The highly anticipated Magic: The Gathering expansion, War of the Spark, has launched on MTG Arena and players are already groaning every time they see certain cards.
Whether playing Draft or Constructed on MTG Arena, certain War of the Spark cards are tearing up the meta-game. Everyone predicted the 36 planeswalkers and insane copy spells in the new expansion would change the landscape, but not this much. Everyone is scrambling to build the best deck possible and rank up while the rest of the free-to-play players are left in the dust.
From the God-Eternals and their abilities to insane combos with Nicol Bolas, Dragon-God—there’s more than a dozen cards players are spending money on and praying to get during Limited Drafts, or not see in their opponent’s hands.
Prior to the release of MTG War of the Spark, God-Eternal cards were spoken highly of but not given very high scores during reviews. Upon the launch of the expansion on MTG Arena and the War of the Spark pre-release, opinions on the God’s quickly changed.
Besides never being able to permanently remove them from the battlefield, each God-Eternal holds enough power and abilities to disrupt and change the tide of a match.
God-Eternal Oketra has double strike and kicks out four/four tokens with vigilance every time you cast a creature spell. God-Eternal Kefnet has flying and can copy spells and instants, costing you two less to cast. God-Eternal Bontu has menace and gives you card advantage. Meanwhile, God-Eternal Rhonas has deathtouch and doubles the power of your creatures until the end of a turn when he enters the battlefield.
Feather, the Redeemed
Red/white aggro and Burn decks are all about Feather, the Redeemed. This flying creature not only causes damage while being able to block but also allows you to bring back instant and sorcery cards you used to target your own creatures. Combat tricks have never been easier to play.
Liliana, Dreadhorde General
Liliana is a fan favorite already, but Liliana, Dreadhorde General has promoted her to bomb status. This mythic-rare planeswalker poses more than a few serious threats. Each turn she kicks out tokens to be used as attackers or chump blockers while her minus abilities remove threats from the board.
Ashiok, Dream Render and Jace, Wielder of Mysteries combo
While not as popular in Constructed play, Ashiok, Dream Render and Jace, Wielder of Mysteries is a very dangerous combo in Limited. Ashiok is a great pick in Draft as they can be used to mill yourself or your opponent. And when there are only 40 cards in a Limited deck, it only takes 10 turns for Ashiok to eliminate an opponent from turn one.
The combo of Ashiok, Dream Render and Jace, Wielder of Mysteries on yourself mills even faster, and can end a match not long after they pair on the battlefield. Jace also provides card advantage while milling your opponent, as you mill yourself with Ashiok and with Jace’s minus eight loyalty counter.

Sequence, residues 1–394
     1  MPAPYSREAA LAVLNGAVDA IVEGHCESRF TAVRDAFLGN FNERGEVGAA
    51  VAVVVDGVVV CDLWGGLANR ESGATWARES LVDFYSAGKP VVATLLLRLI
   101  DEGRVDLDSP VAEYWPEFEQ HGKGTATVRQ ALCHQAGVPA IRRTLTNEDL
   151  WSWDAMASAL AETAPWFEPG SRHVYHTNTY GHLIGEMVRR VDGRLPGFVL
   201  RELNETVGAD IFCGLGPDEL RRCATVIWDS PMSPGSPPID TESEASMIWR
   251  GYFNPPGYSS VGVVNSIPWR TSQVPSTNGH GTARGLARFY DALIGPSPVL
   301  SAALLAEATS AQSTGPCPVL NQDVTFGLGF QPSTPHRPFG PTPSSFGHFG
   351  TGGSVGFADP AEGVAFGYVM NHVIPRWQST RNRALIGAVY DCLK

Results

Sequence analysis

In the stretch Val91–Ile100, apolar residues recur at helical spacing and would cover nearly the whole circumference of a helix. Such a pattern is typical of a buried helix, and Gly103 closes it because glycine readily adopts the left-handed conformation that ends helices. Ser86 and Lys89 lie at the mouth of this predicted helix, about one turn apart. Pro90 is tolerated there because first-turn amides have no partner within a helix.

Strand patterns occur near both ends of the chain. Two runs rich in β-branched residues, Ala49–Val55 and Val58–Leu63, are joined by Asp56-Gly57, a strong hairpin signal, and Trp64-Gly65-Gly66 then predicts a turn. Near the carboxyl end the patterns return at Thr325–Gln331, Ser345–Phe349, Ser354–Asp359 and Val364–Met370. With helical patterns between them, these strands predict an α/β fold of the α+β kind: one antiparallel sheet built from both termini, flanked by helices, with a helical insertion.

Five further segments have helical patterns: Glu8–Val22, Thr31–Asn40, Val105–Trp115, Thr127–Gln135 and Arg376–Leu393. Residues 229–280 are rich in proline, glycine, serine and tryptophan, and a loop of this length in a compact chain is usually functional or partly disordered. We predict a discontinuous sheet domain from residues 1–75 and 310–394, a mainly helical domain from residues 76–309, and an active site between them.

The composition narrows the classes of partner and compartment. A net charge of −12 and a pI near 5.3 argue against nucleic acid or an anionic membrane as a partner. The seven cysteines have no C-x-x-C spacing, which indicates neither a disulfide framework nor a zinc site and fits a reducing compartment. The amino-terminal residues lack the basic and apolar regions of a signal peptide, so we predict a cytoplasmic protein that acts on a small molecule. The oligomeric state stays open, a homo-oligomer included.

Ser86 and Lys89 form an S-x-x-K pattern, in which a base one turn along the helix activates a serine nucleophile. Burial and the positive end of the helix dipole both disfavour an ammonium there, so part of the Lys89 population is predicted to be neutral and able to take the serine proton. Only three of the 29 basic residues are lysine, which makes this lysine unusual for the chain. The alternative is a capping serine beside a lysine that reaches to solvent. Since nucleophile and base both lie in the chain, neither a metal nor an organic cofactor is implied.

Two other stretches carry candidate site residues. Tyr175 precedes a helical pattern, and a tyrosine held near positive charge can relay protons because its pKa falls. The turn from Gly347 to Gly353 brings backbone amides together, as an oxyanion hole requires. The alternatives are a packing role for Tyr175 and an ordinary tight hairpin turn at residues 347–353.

Perhaps the most underrated planeswalker heading into the launch of MTG War of the Spark, Gideon Blackblade provides stability, defense, attacking power, removal, and lifegain. For a single card, Gideon is a flexible and reliable fit into just about any deck using white.
There’s nothing worse for a player than to witness their card being countered and exiled. Especially, by a counterspell that only costs three mana to cast. No Escape is one of a few blue counterspells in War of the Spark, but it has easily become one of the most popular in Standard.
Vraska’s, Swarm Eminence
Deathtouch is often an underrated ability on MTG Arena and in Magic: the Gathering overall. Vraska’s Swarm Eminence, however, is changing that. As a three mana green/black hybrid planeswalker, she’s easy to cast and will disrupt most aggro and midrange decks.
Vraska’s, Swarm Eminence creates tokens with deathtouch (who can deathtouch planeswalkers) while adding counters to your deathtouch creatures and tokens who damage other creatures and your opponent. For Golgari decks using Poison-Tip Archer and Ochran Assasin, Vraska’s Swarm Eminence is a no-brainer of an addition.
Land cards with abilities are often used as sideboard cards, but Karn’s Bastion is quickly earning its keep in main decks. It only provides one colorless mana when tapped (not a big deal), however, when tapped with four other mana sources it proliferates. When playing with planeswalkers and amass ability cards, proliferating whenever you want is a big a deal.
In addition, land cards are harder to remove since most players don’t have those types of removal spells in their main decks.
For decks playing planeswalkers that pump out tokens, or use amass to create chump blockers, Massacre Girl is their worst nightmare. She essentially acts like the sorcery card Ritual of Soot but is a creature with four/four and menace. Many assumed she’d be a shoo-in for sideboards, yet Massacre Girl is seeing plenty of main deck play.
Ilharg, the Raze-Boar
Gruul decks contain one of the most potent enchantment cards to combat control decks, Rhythm of the Wild. The problem, however, was players couldn’t capitalize on it before an opponent would cast a Cleansing Nova and wipe it out.
Ilharg, the Raze-Boar changes that, allowing players to finish off a match quickly with Rythm of the Wild in play. For Gruul based decks, Ilharg, the Raze-Boar is a welcome addition. For everyone else, he’s a feared card.
Nicol Bolas, Dragon-God
No one doubted the disruptive power of Nicol Bolas, Dragon-God in Constructed. It was assumed, however, that in Limited he wasn’t a top bomb pick. That is until Yuyya Watanabe played a five-color deck during the War of the Spark Limited draft at the Mythic Championship II and went undefeated through three rounds.